In light of the state Assembly's refusal yesterday to endorse Mayor Bloomberg's congestion pricing plan and instead form a commission to study ways to relieve traffic, it's tempting to view the deflation of the mayor's plan for New York City as another case of Albany standing in the way of progress. Certainly the roads are clogged, representing a decision by hundreds of thousands of ordinary New Yorkers that they are preferable to others ways of getting around. The problem, if that's what one calls it, will only worsen as the city's population expands to 9 million.
Meantime there's a deficit of city and state funds needed for improvements to the socialistic mass transit, improvements that could — or could not — get more people to switch to public transportation. The attraction of charging motorists to drive into Manhattan is, in theory, it would relieve traffic by discouraging unnecessary trips into the city while also providing a long-term mechanism for paying for refurbished stations, new bus routes, expanded ferry service, and the construction of the Second Avenue subway line.
While it's likely that a fee would dampen traffic in the early years, how do we know that traffic wouldn't rise back to intolerable levels in ensuing years, as it has done in London? What assurances do New Yorkers have that the money raised by the fees will be spent on the projects outlined by the mayor? What's stopping the state or city government from raising the fees well beyond the $8 introductory level? Why does a three-ton SUV get charged the same amount as a small hybrid vehicle?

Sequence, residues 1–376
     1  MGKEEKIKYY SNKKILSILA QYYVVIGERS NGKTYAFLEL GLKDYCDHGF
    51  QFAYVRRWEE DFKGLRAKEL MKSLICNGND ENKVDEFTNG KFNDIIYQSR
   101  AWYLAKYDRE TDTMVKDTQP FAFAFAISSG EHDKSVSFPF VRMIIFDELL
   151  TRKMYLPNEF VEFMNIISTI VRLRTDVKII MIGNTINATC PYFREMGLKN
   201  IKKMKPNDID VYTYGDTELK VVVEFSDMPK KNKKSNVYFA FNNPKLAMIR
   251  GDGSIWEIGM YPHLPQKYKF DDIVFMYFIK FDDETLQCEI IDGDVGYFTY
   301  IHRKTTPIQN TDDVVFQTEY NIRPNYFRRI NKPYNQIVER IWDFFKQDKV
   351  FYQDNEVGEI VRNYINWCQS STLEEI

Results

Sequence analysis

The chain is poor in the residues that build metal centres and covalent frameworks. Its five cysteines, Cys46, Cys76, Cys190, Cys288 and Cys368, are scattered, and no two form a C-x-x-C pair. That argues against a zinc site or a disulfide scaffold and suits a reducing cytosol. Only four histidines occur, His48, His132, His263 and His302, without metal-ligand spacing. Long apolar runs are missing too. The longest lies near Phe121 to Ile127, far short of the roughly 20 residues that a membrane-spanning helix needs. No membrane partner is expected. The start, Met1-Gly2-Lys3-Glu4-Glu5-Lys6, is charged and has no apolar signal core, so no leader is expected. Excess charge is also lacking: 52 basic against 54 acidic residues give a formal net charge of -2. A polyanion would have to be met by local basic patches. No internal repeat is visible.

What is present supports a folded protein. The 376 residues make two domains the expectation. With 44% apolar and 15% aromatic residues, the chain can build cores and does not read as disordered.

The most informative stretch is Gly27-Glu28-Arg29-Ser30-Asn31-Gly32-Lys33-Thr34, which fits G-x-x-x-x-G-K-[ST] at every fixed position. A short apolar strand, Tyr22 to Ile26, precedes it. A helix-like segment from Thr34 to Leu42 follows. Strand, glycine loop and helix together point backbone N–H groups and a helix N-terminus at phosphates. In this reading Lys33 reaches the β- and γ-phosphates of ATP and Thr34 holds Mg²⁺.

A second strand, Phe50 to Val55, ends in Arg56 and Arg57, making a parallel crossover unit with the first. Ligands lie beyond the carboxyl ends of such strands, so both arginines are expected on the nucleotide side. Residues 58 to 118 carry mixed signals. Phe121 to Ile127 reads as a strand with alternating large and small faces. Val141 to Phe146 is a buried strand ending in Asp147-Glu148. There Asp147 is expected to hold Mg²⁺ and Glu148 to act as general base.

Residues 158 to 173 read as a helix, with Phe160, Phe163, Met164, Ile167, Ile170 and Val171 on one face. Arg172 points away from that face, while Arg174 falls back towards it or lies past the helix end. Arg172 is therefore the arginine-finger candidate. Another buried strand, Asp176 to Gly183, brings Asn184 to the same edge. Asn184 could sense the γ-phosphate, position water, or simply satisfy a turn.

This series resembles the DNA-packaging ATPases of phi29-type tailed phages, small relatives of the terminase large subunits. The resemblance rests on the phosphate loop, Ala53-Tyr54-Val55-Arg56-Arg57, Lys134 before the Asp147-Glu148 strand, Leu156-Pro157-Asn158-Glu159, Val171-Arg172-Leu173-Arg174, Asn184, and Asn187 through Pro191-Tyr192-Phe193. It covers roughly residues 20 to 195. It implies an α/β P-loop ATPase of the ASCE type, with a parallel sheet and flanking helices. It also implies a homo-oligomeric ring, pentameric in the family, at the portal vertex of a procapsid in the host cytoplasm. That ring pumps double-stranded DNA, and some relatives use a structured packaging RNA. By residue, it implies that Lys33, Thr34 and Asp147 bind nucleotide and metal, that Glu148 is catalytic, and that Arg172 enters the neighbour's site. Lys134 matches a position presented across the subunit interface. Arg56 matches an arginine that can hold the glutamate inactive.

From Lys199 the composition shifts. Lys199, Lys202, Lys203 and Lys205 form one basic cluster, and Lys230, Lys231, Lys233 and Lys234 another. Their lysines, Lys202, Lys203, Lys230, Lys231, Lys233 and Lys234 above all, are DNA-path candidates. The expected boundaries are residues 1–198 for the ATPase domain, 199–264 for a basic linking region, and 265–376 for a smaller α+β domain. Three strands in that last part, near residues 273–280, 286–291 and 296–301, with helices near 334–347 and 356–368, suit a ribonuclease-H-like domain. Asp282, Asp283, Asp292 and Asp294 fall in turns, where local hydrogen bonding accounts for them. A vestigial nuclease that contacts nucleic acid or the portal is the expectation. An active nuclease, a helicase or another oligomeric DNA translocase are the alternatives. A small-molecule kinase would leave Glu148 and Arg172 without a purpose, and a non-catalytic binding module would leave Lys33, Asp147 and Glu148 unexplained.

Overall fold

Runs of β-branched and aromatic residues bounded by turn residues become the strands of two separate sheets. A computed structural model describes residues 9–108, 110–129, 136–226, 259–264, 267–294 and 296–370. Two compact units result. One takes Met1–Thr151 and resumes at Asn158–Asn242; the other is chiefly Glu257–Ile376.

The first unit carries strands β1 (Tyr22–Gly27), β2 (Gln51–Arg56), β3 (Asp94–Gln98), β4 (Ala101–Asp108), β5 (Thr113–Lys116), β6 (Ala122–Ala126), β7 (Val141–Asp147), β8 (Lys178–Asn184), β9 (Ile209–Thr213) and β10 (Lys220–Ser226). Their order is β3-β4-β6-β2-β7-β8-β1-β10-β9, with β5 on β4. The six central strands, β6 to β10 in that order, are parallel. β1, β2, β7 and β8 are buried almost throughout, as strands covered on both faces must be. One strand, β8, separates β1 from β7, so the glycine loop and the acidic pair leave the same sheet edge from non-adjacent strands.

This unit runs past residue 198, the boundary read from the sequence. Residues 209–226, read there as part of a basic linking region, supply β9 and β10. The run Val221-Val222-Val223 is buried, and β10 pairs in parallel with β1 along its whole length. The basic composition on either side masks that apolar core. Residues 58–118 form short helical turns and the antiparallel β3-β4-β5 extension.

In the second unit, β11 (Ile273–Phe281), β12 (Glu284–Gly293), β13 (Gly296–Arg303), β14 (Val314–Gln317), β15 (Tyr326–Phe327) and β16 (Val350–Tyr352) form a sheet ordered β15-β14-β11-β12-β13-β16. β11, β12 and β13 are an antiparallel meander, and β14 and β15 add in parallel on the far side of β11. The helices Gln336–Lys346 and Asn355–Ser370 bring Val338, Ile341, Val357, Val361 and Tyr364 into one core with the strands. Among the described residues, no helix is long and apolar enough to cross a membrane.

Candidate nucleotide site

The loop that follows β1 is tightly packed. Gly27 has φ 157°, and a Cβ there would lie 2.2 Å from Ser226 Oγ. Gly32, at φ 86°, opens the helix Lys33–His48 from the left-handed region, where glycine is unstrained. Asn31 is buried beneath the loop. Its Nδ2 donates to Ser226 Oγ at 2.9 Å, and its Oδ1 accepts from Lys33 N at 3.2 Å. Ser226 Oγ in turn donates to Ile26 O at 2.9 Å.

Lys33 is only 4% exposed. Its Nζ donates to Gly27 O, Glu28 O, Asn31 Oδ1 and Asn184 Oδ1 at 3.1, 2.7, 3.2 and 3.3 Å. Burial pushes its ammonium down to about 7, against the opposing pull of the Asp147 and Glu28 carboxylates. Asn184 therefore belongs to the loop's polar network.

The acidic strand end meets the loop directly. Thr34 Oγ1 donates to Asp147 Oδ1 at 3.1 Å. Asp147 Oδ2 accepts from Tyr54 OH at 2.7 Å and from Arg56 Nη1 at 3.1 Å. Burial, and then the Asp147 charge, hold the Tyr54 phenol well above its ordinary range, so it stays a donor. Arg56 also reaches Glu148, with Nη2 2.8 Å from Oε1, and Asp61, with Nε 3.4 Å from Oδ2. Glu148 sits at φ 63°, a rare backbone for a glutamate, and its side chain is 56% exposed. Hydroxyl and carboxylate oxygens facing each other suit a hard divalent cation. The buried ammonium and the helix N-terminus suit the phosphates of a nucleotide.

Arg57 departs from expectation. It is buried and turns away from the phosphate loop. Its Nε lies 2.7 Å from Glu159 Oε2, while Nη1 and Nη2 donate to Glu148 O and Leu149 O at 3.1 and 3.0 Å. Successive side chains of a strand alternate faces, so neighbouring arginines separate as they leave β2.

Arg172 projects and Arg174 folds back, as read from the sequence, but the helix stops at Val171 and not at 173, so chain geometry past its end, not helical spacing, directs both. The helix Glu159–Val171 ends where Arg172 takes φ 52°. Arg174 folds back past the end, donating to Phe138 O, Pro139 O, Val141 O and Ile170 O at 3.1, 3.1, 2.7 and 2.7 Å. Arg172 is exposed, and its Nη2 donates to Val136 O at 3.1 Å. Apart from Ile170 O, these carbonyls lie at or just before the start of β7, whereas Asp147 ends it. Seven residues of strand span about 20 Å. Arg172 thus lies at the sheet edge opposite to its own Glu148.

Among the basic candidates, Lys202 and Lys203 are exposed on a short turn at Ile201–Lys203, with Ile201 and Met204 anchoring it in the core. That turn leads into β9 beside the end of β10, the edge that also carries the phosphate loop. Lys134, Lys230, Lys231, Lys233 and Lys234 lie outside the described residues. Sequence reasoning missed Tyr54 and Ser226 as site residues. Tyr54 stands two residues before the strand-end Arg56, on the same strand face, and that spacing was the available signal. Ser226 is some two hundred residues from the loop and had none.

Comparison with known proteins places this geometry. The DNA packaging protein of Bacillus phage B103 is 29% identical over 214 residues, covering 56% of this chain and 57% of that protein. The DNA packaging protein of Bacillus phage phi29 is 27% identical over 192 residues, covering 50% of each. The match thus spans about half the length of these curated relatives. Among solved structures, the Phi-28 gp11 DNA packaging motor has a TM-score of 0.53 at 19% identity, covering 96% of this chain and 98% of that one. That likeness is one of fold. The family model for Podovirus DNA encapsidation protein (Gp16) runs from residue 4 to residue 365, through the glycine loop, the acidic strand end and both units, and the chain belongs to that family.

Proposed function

Mr. Bloomberg's response was to tell the Legislature to trust him and just approve the thing. He waited until the end of April to roll out a complicated plan, expecting lawmakers to rubber stamp a phone-book sized bill by June. He distributed leaflets showing a little girl with an inhaler, suggesting that if lawmakers failed to approve congestion pricing, then she and others suffering from asthma would be hurt. It turns out that the worst rates of asthma are outside the Manhattan charge zone, infuriating the very lawmakers the mayor needed as allies.
These columns have often criticized the Legislature for its obeisance to narrow interests against policies that would clearly benefit the rest of New York. When the Assembly resists the expansion of charter schools, for example, the body is reflecting the will of the teachers union, rather than the will of the people. Yet, in the case of congestion pricing, the general opposition in the Assembly appears to be a more legitimate political calculation, raising the question of how a mayor who is so so easily thwarted by the Assembly speaker, Sheldon Silver, can be expected to deal with a much larger legislature in Washington, D.C.